3.2. Ellipsometry Study and Data Analysis of the Enzymatic Degradation of the PLL/PLGA Multilayers. After the ellipsometry measurement the (Au-SAM)-[(PLL/PLGA).sub.3] substrate was immersed in buffer solution and allowed to swell for at least 30 minutes before use. The samples were then moved to a new container and a solution of either trypsin (bovine) or V8 glutamyl endopeptidase (Staphylococcus aureus) was added. Two different degradation times were chosen for each enzyme solution, 3 hours and 16 hours. The enzymes were either added at one time or up to three times during the degradation period. The samples were then rinsed with Milli-Q water and dried in nitrogen gas before ellipsometry measurements were performed. The assumed n value was 1.48 at 633 nm for both enzymes [21] (k = 0), which is an appropriate value for proteins [22, 23]. As can be seen from Figure 2, trypsin adsorbed readily to the polypeptide surface and increased the thickness up to 5 times. This indicates that the overall positively charged trypsin (pH 7.4) adsorbs readily on top of the thin polypeptide film (negatively charged surface) but the adsorption evidently does not result in any visible enzymatic degradation. This is similar to what was seen in a QCM-D study of the same system [9]. Despite a large increase in thickness it was difficult to rule out any catalytic activity; however, as trypsin prefers to catalyze positively charged substrates, the polypeptide film ending with negatively charged PLGA would not be ideal for catalysis. When modeling the adsorbed trypsin, a five-layer model was used; however, only the thicknesses of the trypsin and trypsin_EMA layers were variable. The roughness of the film was very low ending up with a trypsin thickness of 65 [+ or -] 3.7 A (MSE = 0.013), that is, a total polypeptide/enzyme thickness of 105 [+ or -] 3.7 [Angstrom].

The bacterial protease V8 behaved differently. The thickness of the nanofilm did not change much on exposure to the solution of V8 enzyme, as can also be seen from Figure 2. A four-layer model was used for the V8 enzyme's adsorption to the film, since the layer on top of the polypeptide film was very thin. The best fit received a polypeptide/enzyme thickness of 42 [+ or -] 2.9 [Angstrom]. The immediate interpretation of this result is that the V8 enzyme did not interact with the polypeptide film, as both enzyme and the polypeptide surfaces were negatively charged. However, Craig et al. showed that this enzyme catalyzed degradation of the LbL film provided that it was terminated by the anionic PLGA. The reason for this is that the V8 peptidase is known to be reactive in catalyzing cleavage of Glu-X bonds, that is, peptide bonds involving a glutamate residue [24,25]. The LbL film studied in this work had PLGA as the terminating layer. However, the temperatures differed. Whereas the QCM-D measurements were performed at 32[degrees]C, which was intended to mimic the temperature of a typical wound, the ellipsometry experiments were performed at ambient temperature. Thus, the temperature is vital and no or little enzymatic degradation occurred at room temperature. This is a practically important piece of information because it indicates that the wound dressing with the antimicrobial agents covered by the polypeptide lid remains intact until it is contacted by the exudate from a chronic wound at the approximate skin temperature of 32[degrees]C. However, the V8 protease may not be entirely inactive also at ambient temperature. The surface that has been exposed to the V8 peptidase solution seems to be slightly rougher immediately after the treatment ([+ or -] 6 [Angstrom]) than after one or two days, when all measuring points ended up at the same value ([+ or -] 1 [Angstrom]). This induced roughness of the surface may indicate enzymatic cleavage of the top layer of the film, that is, predominantly of PLGA.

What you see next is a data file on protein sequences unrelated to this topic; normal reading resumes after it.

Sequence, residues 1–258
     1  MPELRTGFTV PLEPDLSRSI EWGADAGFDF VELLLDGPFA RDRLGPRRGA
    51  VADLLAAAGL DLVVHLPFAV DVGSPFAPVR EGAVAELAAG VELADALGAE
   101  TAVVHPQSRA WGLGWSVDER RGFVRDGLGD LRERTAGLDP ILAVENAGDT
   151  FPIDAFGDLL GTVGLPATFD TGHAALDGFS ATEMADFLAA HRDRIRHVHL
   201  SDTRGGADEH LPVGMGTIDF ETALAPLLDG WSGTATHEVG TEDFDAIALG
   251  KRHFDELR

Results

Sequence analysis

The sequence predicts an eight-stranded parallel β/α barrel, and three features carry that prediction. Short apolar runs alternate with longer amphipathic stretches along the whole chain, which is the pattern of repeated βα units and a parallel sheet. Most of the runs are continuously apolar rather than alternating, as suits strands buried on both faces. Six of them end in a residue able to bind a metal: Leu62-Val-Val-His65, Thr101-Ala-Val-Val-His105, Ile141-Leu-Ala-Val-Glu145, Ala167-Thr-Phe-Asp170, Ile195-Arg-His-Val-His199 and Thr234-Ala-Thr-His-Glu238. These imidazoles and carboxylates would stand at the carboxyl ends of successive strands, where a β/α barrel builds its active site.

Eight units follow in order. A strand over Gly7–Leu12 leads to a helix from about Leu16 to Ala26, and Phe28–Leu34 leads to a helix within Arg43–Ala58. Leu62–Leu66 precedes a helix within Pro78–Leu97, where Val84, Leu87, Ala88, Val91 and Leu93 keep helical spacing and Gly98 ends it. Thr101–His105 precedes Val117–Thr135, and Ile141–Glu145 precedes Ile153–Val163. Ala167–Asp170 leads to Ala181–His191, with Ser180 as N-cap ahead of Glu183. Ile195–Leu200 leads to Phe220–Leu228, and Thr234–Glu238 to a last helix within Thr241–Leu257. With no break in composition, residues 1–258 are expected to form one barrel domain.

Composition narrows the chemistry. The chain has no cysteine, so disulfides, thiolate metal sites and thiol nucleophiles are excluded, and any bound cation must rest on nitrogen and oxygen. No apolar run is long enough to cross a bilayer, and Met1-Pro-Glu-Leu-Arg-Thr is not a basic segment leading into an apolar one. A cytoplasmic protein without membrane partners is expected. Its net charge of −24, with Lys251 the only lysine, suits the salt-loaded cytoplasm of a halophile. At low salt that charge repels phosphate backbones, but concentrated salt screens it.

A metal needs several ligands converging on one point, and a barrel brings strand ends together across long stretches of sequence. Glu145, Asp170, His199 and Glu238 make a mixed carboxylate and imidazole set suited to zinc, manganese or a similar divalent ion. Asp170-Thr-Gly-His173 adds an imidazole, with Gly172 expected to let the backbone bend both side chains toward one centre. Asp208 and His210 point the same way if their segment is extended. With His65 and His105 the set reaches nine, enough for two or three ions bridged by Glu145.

4. Conclusion

The [(PLL/PLGA).sub.3] nanofilm was measured with ellipsometry to study the thickness in its dry state. When comparing with the film's wet and dry thicknesses, it is clear that about 60% of the wet film consists of water. This result is in accordance with previously reported values from similar systems despite the fact that in the present investigation the polypeptides were adsorbed directly to a tailored gold surface imitating nonwoven and not to a surface treated with a primer such as PEI, which is the normal procedure. This indicates that the character of the film without primer is similar to that with primer. This is practically important in our case because a nondegradable primer is highly unwanted in a wound care dressing. The enzymatic degradation of the nanofilm was also monitored by ellipsometry. Bovine trypsin adsorbed at the polypeptide surface but there were no indications of an enzymatic degradation of the LbL film even after sequential addition of the peptidase. Also the V8 glutamyl endopeptidase from Staphylococcus aureus seemed not to cause much degradation of the polypeptide nanofilm. However, the present ellipsometry study was distinguished by being conducted at ambient temperature, whilst a previous study was performed at 32[degrees]C [9], a temperature chosen to mimic the temperature of the wound. This difference with respect to temperature dependency indicates that the PLL/PLGA "lid" may remain intact until the dressing has been filled with wound exudate with the elevated temperature typical of that of the wound.

Conflict of Interests

The authors declare that there is no conflict of interests regarding the publication of this paper.